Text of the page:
Are struggles with emotion something that Christians should be ashamed of? Are they somehow evidence of sin or a faulty walk with God? Elizabeth Skoglund attempts to answer questions like this in her work, "Wounded Heroes."
I have been slowly reading this book over the past several months - the title intrigued me, and so did the list of spiritual giants that Skoglund includes: Amy Carmichael, CS Lewis, Ruth Bell Graham, CH Spurgeon and more.
I have to admit - the writing in this book is rather disjointed and made it difficult to read. I struggled to get through it. However, that being said, the nuggets of wisdom and truth I found in this book made slugging through - WORTH it. I am no great writer myself, so no harsh judgment here.
My favorite take-away from this book was how much I learned about Charles Haddon Spurgeon and his struggle with depression. Few people realize that this great giant of the faith and publisher of multiple great works and sermons struggled deeply with recurrent depression.
Skoglund puts it well - "Spurgeon did not become great alone. Nor was he a plastic saint. Rather it is his combination of greatness, strength and humanness that has refreshing appeal to the modern reader. Spurgeon was weak, yet strong; ill, yet triumphant. He had emotional problems, but they only refined him into the finest of gold which bore the image of that Great Refiner of souls."
While highly criticized for his struggle, Spurgeon saw it as a cross he bore in order to walk in humility before God despite his great fame. He wrote, "My witness is, that those who are honored by their Lord in public have usually to endure a secret chastening, or to carry a peculiar cross, lest by any means they exalt themselves, and fall into the snare of the devil..."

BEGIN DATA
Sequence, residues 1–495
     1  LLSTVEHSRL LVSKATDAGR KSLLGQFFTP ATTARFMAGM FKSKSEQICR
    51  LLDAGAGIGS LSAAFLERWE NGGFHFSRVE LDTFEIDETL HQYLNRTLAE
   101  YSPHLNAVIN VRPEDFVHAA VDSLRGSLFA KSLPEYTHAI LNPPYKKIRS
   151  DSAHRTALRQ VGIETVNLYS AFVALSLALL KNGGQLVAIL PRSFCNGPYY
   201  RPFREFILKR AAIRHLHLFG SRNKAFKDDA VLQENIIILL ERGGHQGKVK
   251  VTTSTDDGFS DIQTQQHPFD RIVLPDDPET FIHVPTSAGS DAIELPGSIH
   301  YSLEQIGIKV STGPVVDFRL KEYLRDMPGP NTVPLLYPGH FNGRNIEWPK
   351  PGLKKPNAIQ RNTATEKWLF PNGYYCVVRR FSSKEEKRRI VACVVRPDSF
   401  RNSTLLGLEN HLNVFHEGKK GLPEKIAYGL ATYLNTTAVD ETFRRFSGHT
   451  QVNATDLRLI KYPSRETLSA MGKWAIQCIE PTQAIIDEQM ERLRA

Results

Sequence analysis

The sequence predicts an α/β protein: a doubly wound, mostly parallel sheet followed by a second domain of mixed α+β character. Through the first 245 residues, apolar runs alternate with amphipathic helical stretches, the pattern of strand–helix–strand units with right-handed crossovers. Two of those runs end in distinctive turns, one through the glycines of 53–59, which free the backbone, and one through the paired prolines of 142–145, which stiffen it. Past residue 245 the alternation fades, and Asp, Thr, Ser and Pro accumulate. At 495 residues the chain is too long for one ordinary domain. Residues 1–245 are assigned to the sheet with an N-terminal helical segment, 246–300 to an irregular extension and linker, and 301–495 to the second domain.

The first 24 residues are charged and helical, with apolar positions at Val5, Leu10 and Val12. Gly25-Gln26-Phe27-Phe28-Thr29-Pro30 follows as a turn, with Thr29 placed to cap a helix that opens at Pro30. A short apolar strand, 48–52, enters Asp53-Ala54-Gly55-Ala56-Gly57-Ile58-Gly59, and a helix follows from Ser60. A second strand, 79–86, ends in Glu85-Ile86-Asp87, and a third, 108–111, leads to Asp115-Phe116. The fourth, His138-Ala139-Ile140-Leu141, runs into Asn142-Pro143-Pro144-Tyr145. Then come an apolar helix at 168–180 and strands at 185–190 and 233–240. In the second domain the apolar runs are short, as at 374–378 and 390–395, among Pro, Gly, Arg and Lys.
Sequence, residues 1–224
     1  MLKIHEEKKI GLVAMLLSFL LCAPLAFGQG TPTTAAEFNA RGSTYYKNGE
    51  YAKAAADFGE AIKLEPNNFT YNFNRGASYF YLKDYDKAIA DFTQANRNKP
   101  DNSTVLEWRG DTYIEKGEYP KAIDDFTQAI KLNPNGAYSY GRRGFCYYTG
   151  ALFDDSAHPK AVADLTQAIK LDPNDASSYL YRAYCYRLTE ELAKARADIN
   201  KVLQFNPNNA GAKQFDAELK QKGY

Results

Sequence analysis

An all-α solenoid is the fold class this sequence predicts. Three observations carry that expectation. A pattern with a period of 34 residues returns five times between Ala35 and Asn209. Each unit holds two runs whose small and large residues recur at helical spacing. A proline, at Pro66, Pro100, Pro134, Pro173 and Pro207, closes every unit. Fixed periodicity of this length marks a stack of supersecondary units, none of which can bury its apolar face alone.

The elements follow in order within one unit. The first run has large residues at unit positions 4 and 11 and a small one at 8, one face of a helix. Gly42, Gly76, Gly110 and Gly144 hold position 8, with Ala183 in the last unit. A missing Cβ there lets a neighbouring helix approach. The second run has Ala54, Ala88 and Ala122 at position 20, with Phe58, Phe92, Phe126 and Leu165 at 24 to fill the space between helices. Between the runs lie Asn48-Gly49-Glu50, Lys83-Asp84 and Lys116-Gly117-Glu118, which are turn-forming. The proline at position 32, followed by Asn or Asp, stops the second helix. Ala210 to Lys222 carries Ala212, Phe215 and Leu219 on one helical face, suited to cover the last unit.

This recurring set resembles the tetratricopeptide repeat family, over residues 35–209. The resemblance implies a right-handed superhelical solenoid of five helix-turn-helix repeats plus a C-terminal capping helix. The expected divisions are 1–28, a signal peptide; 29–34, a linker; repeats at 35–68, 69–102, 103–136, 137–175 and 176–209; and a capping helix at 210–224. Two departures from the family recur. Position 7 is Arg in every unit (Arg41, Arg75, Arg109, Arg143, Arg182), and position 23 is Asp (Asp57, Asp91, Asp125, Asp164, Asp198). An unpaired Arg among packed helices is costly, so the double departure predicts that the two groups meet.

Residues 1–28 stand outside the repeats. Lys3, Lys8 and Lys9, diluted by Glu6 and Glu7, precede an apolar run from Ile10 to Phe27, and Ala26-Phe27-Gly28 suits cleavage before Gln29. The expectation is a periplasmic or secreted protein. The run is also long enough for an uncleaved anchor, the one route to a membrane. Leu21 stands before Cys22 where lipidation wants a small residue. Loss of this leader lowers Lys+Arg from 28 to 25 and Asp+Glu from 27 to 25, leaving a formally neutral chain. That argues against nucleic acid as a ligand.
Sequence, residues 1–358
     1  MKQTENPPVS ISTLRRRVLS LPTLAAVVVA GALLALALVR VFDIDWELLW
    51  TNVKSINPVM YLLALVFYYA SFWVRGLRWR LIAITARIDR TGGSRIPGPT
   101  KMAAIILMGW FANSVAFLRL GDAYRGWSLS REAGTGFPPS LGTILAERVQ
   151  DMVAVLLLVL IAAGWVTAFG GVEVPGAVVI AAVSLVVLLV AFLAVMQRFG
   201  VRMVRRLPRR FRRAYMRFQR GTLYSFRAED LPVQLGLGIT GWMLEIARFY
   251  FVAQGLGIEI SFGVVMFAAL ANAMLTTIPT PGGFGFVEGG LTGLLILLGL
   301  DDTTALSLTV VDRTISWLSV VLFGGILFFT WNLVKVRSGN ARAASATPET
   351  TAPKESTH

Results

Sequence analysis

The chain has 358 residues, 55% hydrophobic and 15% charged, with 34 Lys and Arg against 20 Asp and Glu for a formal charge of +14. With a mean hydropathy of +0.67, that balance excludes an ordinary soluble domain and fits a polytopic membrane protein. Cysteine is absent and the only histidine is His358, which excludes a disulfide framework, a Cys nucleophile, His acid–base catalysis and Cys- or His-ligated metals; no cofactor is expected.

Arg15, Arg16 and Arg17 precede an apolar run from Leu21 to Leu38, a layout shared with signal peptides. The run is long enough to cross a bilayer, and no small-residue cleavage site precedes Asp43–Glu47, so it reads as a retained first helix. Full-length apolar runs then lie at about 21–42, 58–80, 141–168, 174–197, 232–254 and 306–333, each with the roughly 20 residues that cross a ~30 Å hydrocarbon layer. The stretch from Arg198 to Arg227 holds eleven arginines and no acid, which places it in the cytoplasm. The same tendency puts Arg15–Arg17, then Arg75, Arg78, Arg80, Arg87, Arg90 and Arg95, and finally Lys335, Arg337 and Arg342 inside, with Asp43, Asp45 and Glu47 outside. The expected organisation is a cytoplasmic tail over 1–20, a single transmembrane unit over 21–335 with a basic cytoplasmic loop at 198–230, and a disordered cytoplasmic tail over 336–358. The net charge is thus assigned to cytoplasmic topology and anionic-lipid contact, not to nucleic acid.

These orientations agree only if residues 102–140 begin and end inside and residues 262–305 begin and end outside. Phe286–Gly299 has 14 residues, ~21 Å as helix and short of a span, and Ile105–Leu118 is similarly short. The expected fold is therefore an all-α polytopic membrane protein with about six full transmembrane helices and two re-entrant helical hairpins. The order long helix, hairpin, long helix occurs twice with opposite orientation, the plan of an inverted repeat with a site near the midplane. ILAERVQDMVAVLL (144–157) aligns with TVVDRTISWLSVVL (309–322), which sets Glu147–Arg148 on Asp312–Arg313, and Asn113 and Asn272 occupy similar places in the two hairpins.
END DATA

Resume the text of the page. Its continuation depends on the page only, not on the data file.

And again he writes, "The Lord frequently appears to save His heaviest blows for His best-loved ones; if any one affliction be more painful than another it falls to the lot of those whom He most distinguishes in His service. The Gardener prunes His best roses with most care. [Discipline] is sent to keep successful saints humble, to make them tender towards others, and to enable them to bear the high honours which their heavenly Friend puts upon them..."
Spurgeon had a tremendous gift for making things understandable to the common man. In speaking of human struggles, he wrote, "We have the treasure of the gospel in earthen vessels, and if there be a flaw in the vessel here and there, let none wonder."
Prayer was a true 'saving grace' for Spurgeon in his depression: "When our prayers are lowly...by reason of our despondency...the Lord will bow down to them, the infinitely exalted Jehovah will have respect unto them. Faith, when she has the loftiest name of God on her tongue...dares to ask from Him the most tender and condescending acts of love. Great as He is, He loves His children to be bold with Him. Our distress is a forcible reason for our being heard by the Lord God, merciful, and gracious, for misery is ever the master argument with mercy."
Spurgeon noticed that there were multiple reasons for the onslaught of depression: (1) after an hour of great success - "we are apt to faint," (2) "before any great achievement" - he recognized depression as a sign that God was preparing his ministry for a greater blessing, (3) "in the midst of a long stretch of unbroken labor" - he recognized that our humanity means that we must rest and be refreshed! and finally, (4) "causeless depression" - with no known source. This list encouraged me to watch for these reasons so that I may know how to appropriately respond - with rest and prayer.
Spurgeon had great compassion for those who suffered, and yet tried to extend grace even to those who did not understand suffering. He stated, "If these who laugh at such melancholy did but feel the grief of it for one hour, their laughter would be sobered into compassion." So true.
I have wrestled deeply with emotional distress - the highs of ministry and the lows of perceived failure are both extremely familiar to me. I believe the examples put forth in this book have enabled me to see emotional duress as something much more 'normal' in my missionally-focused life. Resilience increases as we stand firmly on the examples of those who have walked before us, learn the lessons they left behind, and move forward to strengthen others.